Immediately upon settling the ineligibility provision, the Framers returned to the appointment power which they had several times before debated and postponed for later consideration. [n14] From the outset, there had been no dispute that the Executive alone should appoint, and not merely nominate, purely executive officers, [n15] but, at one stage, judicial officers were to be selected by the entire Congress. [n16] This provision was subsequently changed to lodge the power to choose judges in the Senate, [n17] which was later also given the power to appoint ambassadors and other public ministers. [n18] But following resolution of the dispute over the ineligibility provision, which served both to prevent members of Congress from appointing themselves to federal office and to limit their being appointed to federal office, it was determined that the appointment of all principal officers, whether executive or not, should originate with the President, and that the Senate should have only the power of advice and consent. [n19] Inferior officers [p274] could be otherwise appointed, but not by Congress itself. [n20] This allocation of the appointment power, in which, for the first time, the Executive had the power to initiate appointment to all principal offices and the Senate was empowered to advise and consent to nominations by the Executive, [n21] was made possible by adoption of the ineligibility provisions, and was formulated as part of the fundamental compromises with respect to the composition of the Senate, the respective roles of the House and Senate, and the placement of the election of the President in the electoral college.
Under Art. II, as finally adopted, law enforcement authority was not to be lodged in elected legislative officials subject to political pressures. Neither was the Legislative Branch to have the power to appoint those who were to enforce and administer the law. Also, the appointment power denied Congress and vested in the President was not limited to purely executive officers, but reached officers performing purely judicial functions, as well as all other officers of the United States.
I thus find singularly unpersuasive the proposition that, because the FEC is implementing statutory policies with respect to the conduct of elections, which policies Congress has the power to propound, its members may be appointed by Congress. One might as well argue that the exclusive and plenary power of Congress over interstate commerce authorizes Congress to appoint the members of the Interstate Commerce Commission and of many other regulatory commissions; that its exclusive power to provide for patents and copyrights would permit the administration of the patent laws to be carried out by a congressional committee; or that the exclusive power of the Federal Government to establish post offices authorizes [p275] Congress itself or the Speaker of the House and the President pro tempore of the Senate to appoint postmasters and to enforce the postal laws.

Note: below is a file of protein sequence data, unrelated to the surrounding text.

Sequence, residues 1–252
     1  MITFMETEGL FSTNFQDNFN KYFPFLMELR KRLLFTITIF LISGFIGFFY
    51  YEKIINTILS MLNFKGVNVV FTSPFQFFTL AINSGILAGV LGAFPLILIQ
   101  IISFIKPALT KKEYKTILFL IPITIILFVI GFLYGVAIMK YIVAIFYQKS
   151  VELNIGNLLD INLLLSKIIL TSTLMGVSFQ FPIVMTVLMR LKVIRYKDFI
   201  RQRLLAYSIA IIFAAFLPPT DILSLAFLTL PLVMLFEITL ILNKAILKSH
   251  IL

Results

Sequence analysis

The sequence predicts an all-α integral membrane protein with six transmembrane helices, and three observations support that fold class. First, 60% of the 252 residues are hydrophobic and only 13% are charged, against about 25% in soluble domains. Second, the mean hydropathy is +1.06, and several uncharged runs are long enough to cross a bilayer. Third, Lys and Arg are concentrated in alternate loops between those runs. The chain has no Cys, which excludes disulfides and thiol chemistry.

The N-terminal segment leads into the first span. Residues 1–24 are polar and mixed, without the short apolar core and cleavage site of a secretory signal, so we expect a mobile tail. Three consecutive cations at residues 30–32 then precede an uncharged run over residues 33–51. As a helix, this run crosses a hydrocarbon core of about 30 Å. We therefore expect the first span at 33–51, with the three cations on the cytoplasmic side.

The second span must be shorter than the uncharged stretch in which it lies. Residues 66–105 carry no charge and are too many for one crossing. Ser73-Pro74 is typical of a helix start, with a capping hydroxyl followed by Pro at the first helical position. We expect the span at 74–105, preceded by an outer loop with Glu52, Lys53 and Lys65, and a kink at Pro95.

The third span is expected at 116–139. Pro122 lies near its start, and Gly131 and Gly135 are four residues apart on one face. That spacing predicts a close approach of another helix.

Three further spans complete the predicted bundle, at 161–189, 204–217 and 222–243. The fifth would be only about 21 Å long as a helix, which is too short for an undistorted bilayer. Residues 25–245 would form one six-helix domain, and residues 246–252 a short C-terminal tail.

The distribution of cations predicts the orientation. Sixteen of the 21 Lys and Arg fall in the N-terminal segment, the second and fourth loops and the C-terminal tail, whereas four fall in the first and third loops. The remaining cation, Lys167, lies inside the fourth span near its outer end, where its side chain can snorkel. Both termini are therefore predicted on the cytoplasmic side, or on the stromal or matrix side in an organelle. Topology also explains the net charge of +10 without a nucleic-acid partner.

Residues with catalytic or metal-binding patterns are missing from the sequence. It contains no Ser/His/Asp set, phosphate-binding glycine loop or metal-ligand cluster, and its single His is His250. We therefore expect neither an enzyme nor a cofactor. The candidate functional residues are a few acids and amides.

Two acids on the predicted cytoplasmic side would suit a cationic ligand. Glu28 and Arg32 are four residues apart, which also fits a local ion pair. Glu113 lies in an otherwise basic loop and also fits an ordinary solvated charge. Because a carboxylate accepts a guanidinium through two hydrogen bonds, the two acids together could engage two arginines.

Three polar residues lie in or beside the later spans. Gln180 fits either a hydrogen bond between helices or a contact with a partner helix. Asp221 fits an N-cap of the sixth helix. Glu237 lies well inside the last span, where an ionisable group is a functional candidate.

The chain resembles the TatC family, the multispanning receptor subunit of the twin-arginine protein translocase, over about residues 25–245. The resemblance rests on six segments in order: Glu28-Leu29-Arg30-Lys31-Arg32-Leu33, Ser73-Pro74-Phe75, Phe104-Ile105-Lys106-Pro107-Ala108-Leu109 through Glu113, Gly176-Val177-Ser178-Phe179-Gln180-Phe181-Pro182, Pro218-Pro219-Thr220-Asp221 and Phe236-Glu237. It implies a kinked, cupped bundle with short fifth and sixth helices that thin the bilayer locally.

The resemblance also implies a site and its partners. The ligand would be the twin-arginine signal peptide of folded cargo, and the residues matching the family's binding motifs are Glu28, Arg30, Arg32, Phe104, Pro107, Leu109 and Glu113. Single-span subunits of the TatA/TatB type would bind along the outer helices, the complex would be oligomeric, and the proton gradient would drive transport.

Congress clearly has the power to create federal offices and to define the powers and duties of those offices, Myers v. United States, 272 U.S. 52, 129 (1926), but no case in this Court even remotely supports the power of Congress to appoint an officer of the United States aside from those officers each House is authorized by Art. I to appoint to assist in the legislative processes.
In Myers, a postmaster of the first class was removed by the President prior to the expiration of his statutory four-year term. Challenging the President's power to remove him contrary to the statute, he sued for his salary. The challenge was rejected here. The Court said that, under the Constitution, the power to appoint the principal officers of the Executive Branch was an inherent power of the President:
[T]he reasonable implication, even in the absence of express words, was that as part of his executive power [the President] should select those who were to act for him under his direction in the execution of the laws.
Id. at 117. Further, absent express limitation in the Constitution, the President was to have unrestricted power to remove those administrative officers essential to him in discharging his duties. These fundamental rules were to extend to those bureau and department officers with power to issue regulations and to discharge duties of a quasi-judicial nature -- those members of "executive tribunals whose decisions after hearing affect interests of individuals." Id. at 135. As for inferior officers such as the plaintiff postmaster, the same principles were to govern if Congress chose to place the appointment in the President with the advice and consent of the Senate, as [p276] was the case in Myers. Under the Appointments Clause, Congress could -- but did not in the Myers case -- permit the appointment of inferior officers by the heads of departments, in which event, the Court said, Congress would have the authority to establish a term of office and limit the reasons for their removal. But in no circumstance could Congress participate in the removal:
[T]he Court never has held, nor reasonably could hold, although it is argued to the contrary on behalf of the appellant, that the excepting clause enables Congress to draw to itself, or to either branch of it, the power to remove or the right to participate in the exercise of that power. To do this would be to go beyond the words and implications of that clause and to infringe the constitutional principle of the separation of governmental powers.
Id. at 161.